Equality Now was there meeting with the Commissioners and supporting partner organizations and young survivors of sexual violence to tell Commissioners about the problem of sexual violence against girls, boys and adolescents in Bolivia, and the barriers to justice and care they face. In parallel to the IACHR sessions, Equality Now convened and facilitated a coalition-building workshop of Bolivian organizations that work on the issue of sexual violence against girls, boys, and adolescents.
The convening that Equality Now facilitated brought together eight different organizations from all parts of Bolivia to discuss the most urgent issues facing child and adolescent survivors of sexual violence, and the best ways to confront them as a coalition. Bolivia has one of the region’s highest rates of sexual violence against women and children but victims face often insurmountable barriers when trying to access justice.
The Coordinadora de la Mujer, CIES, Red Tu Decides, Comité de América Latina y el Caribe para la Defensas de los Derechos de las Mujeres (CLADEM), Oficina Jurídica de la Mujer (the Legal Office for Women), Centro una Brisa de Esperanza, the Breeze of Hope Foundation, and the Red de Niños, Niñas, y Adolescentes contra la violencia sexual (Network of Boys, Girls, and Adolescents Against Sexual Violence) all took part in the convening. Participants included activists and service providers, women, and men with years of experience in this work, as well as young survivors and allies with great creativity and strategic thinking. Specific obstacles in accessing justice for victims of sexual violence and how these could be overcome, as well as how to raise awareness of the issue in the country were discussed during the convening. It was an excellent workshop, and we are excited to be moving forward with all these partners in a new coalition which is already planning actions together for later this year.
On the morning of the 13th, Equality Now organized a breakfast meeting with IACHR Commissioners Margarette May Macaulay, Rapporteur in charge of the Rights of Women, and Esmeralda Arosemena de Trotiño, Rapporteur in charge of the Rights of Children, to meet the organizations participating in the convening, and to hear directly from young survivors of sexual violence about their experiences and the barriers to justice they face. The Commissioners were deeply impacted by the stories of the survivors.
When Equality Now and the other organizations arrived with the survivors at the Civil Society Dialogue session later that evening, the Commissioners remembered them, and made space on the closed list for a survivor to speak, despite a packed room and a long line of organizations already signed up. Speaking through tears, one survivor shared her story and that of many other girls, while still being very clear about what change she and others want to see in Bolivia, and what she hopes the Commission will do about it, including urgently issuing recommendations on a sexual violence case that has been before them for many years. Her words garnered a standing ovation from the crowd and the Commissioners, along with a commitment to do something about it.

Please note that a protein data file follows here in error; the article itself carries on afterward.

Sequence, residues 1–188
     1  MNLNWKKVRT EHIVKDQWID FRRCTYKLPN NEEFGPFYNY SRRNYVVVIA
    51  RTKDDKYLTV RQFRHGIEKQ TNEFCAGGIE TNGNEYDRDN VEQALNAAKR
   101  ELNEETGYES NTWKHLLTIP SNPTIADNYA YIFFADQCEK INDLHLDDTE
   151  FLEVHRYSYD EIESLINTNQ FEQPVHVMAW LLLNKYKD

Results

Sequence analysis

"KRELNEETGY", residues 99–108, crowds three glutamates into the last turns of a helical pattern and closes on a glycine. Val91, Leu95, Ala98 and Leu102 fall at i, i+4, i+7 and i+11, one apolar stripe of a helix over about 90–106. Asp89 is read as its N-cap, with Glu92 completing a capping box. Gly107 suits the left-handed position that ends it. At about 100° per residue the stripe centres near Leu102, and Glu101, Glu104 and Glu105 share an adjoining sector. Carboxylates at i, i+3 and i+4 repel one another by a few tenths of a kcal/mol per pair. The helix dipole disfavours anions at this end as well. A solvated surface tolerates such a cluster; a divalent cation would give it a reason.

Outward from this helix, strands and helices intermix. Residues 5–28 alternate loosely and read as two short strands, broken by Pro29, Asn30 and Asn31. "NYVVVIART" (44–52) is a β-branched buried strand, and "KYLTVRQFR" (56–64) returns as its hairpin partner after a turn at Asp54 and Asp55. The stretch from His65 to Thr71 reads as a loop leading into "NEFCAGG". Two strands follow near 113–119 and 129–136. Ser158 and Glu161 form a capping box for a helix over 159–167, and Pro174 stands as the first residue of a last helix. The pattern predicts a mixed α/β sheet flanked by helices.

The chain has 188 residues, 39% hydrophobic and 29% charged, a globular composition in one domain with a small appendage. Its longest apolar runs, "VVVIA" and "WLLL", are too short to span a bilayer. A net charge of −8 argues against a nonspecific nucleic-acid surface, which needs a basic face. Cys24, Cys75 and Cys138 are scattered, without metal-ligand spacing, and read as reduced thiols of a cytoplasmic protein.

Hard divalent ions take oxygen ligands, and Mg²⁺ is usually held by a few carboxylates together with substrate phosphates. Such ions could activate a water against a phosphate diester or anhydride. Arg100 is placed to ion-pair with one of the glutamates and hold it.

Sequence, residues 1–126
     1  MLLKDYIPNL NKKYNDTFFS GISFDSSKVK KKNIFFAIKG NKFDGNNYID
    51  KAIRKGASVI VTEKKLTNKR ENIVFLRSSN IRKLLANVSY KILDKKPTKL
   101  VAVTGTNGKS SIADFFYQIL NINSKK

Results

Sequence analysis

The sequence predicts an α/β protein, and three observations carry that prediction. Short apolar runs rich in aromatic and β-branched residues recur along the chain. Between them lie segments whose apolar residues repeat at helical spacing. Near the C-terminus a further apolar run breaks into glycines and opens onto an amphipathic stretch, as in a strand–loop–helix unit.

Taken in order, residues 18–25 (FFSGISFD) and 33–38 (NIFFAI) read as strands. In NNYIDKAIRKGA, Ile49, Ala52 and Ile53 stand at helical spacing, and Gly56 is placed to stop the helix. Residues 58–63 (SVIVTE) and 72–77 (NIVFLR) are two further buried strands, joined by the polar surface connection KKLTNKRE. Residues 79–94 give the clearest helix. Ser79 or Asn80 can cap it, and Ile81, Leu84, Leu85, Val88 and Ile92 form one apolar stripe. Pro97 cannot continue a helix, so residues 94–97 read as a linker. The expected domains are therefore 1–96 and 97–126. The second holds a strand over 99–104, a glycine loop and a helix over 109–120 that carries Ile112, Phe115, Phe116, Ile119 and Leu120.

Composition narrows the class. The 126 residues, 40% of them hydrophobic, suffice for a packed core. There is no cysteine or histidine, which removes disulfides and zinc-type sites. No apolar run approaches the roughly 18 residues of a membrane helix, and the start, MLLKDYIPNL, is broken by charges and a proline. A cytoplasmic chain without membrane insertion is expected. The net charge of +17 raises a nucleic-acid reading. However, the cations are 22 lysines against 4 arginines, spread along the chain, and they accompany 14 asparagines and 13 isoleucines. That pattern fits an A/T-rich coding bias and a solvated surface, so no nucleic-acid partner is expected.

Equality Now met with the commission the next morning to ensure the emotional promises made were going to result in action.
As one local news report put it, the survivors, in addition to being the only ones to receive applause during the Civil Society Dialogue, they were also “the only ones who got a promise from the Commission: to follow up on the cases.” Indeed, Commissioners committed to directly look into the issue of sexual violence in Bolivia and take the case of Brisa de Angulo forward.
Beyond the concrete promises from the Commission, the experience of sharing their stories was extremely powerful and empowering for the young survivors. They have all had to share painful details over and over again with detectives, medical examiners, social workers, and lawyers to advance their cases. But never before had they had a chance to tell their stories to people who could make a difference not just for them individually, but for all victims of sexual violence in Bolivia. Reliving their pain took a lot out of them, but for once they were repaid and replenished with the healing knowledge that they were changing the future for others.
The other key impact of the week was the formation of a new national coalition of organizations which will be working together to magnify impact on issues of sexual violence in Bolivia. All the organizations have been doing amazing work individually for years – providing legal and support services to survivors, training allies and front-line professionals, engaging in strategic litigation and campaigning – but now we have the chance to learn from one another, and our strengths will be combined and amplified to make lasting change in the country.